Camera, tablet, pencils and a full tank of gas and my husband Mark and I were off to the Open Studio Tour of Pierce County. We decided to follow the directions mapped out in the brochure and see how well they could be followed. Our first stop was the Gallery on the Hill and Lucas Art.
Everyone who drives south out of Graham has no doubt noticed the gallery which has on sunny days a most splendid view of Mount Rainier. But if you’ve never stopped there, you are in for a treat. Yes, Karen Lucas is a fine artist. Yes, she is the studio’s proprietor. But, no, her works are not the only ones there. On any given day she is featuring some other artist’s work, or providing space for a fellow artist to teach classes. When we went in we made sure first to sign into the guest book and get our “Passport” stamped.
Gallery on the Hill and Lucas Art
The artist Paul Langston, who does paintings and wood-burning, is featured at the Gallery on the Hill during the Open Studio Tour (OST).
“I work with oak and ash woods, both of which come from Washington, and myrtlewood, which comes from Oregon,” he told us.
The table was laden with wood art of varying shapes, sizes and colors.
“There is only one place that myrtlewood grows, so I have to drive down to get it. And I’m very particular about the woods I choose. They are all hand picked for artistic potential.”
Joyce Barton of South Hill was talking with Paul when I stepped up, but turned to me, “I’ve never done this (OST) before. We came with our neighbors. This is wonderful!”
Langston continued. “I use burls to create my wood-burning, too.
For most of his life Paul has studied wildlife, rustic barns and landscapes, whcih he uses in his wood-burning and paintings. His art is remarkable for the accuracy in proportions and in the detail, as is his grasp on perspective.
“I do a lot of research before I do any piece,” he said. “For instance, in doing a deer such as the one here, I study them first in photos and books.”
He showed us a magazine that is devoted solely to understanding the anatomy and composition of deer.
“To really do this well, you have to know everything there is to know about deer. And it’s the same with anything else.”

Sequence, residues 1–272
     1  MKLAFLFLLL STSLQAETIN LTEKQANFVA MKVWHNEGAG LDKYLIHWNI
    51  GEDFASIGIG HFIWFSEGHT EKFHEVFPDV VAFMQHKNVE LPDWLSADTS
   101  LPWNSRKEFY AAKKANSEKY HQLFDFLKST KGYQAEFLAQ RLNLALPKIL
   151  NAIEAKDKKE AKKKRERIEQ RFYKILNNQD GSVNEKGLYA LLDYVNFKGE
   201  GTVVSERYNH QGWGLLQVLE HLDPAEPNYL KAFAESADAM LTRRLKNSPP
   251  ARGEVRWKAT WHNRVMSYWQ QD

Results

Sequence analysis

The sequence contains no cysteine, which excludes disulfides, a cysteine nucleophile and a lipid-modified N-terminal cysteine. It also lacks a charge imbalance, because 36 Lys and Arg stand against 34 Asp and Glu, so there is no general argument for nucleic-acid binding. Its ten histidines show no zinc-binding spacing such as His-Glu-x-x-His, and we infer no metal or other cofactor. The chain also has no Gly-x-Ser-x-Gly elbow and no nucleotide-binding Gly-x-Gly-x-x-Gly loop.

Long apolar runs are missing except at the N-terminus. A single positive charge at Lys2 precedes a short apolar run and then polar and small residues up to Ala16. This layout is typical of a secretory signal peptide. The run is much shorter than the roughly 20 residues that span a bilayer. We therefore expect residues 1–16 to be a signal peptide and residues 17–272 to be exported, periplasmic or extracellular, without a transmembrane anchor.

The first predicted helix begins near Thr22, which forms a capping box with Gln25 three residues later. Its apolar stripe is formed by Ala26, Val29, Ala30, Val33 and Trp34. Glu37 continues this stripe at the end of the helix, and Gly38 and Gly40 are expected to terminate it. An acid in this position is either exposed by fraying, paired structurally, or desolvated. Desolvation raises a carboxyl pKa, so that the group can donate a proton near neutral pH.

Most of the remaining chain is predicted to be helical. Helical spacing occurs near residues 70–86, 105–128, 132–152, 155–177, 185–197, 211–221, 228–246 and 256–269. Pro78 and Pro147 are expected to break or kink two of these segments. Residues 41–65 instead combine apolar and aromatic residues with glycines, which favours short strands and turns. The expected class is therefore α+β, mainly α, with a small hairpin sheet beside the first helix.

As skilled as Paul clearly is, I couldn’t help wondering how long he’d been doing wood-burning.
“I’ve been at this for twenty years now. Well, actually, I got started when I was just a kid and somebody gave me a wood-burning set. Then, when I got into my fifties I picked it up again.”
Paul was happy to share some of his personal background, but he was quick to return to the art.
“Now, look at this piece of wood with the deer burned on it. Notice where the center of the tree grew. It’s way off to the left. You can see the whole history of the tree by looking at its rings. But I study a piece of wood before I ever begin. If you look closely, you will see that the fur of the deer is formed by the grain of the wood. Here, feel it,” he offered.
As we ran our fingers over the deer’s back we felt its “fur,” and that it was laying down.
When I asked him about his plans for next year, what he told me next made it clear that he had a lot to do just to finish this year.
“I have several wood-burning pieces to complete and five painting on the easel to finish, and I’ve been commissioned to carve a salmon.”
Then he became animated. “Next Saturday (November 12th) at 10 a.m. there will be a wood-carving show behind the Fred Oldfield Western Heritage Center, which is inside the Red Gate at the Puyallup Fair Grounds. I’m going to be there! We want everyone to come out, and it will be easy to find your way.”
I turned for a bit to look at other art hanging in one of the several areas in the gallery, and when I swiveled back Paul had my husband seated at the table trying his hand at wood-burning. And I thought to myself, This might just be a very nice gift for me to give to Mark for Christmas!
I told Karen that we were headed to the next studio on the route.
“Oh, that’s Doris Hansen’s studio,” she responded. “She teaches part-time, and I bet she’s been an artist for forty year now. You’ve got to see her work. Also, her daughter, Sharon Johnson is an artist, and has her work on display there, too.”
Rainier View Studio
Doris Hansen’s Rainier View Studio is a few blocks away and we found the directions in the brochure easy to follow.
We walked into a large room where mother and daughter shared the space, and painting after painting was arranged in rows for our viewing. My husband and I looked while Doris finished talking with a guest. Then she turned to me, and almost as if in anticipation of questions I might ask, began:
“I’ve been at this for a long time. I’m 80 years old. I’ve been to Africa and have done paintings of people and animals there.”
We admired a painting of a Kenyan native and fully concurred when Doris announced, “That was accepted for exhibit at the Puyallup Fair this year.”
As we observed her work we tried to grasp her methods. “Oh, I do collages and paintings. My medium is pastels, water colors, oils, and acrylics.”
I thought I might have to pry for information about how she got her start, but Doris was most forthcoming.
“My interest started in high school, which wasn’t much back then. But, I majored in art and never stopped.”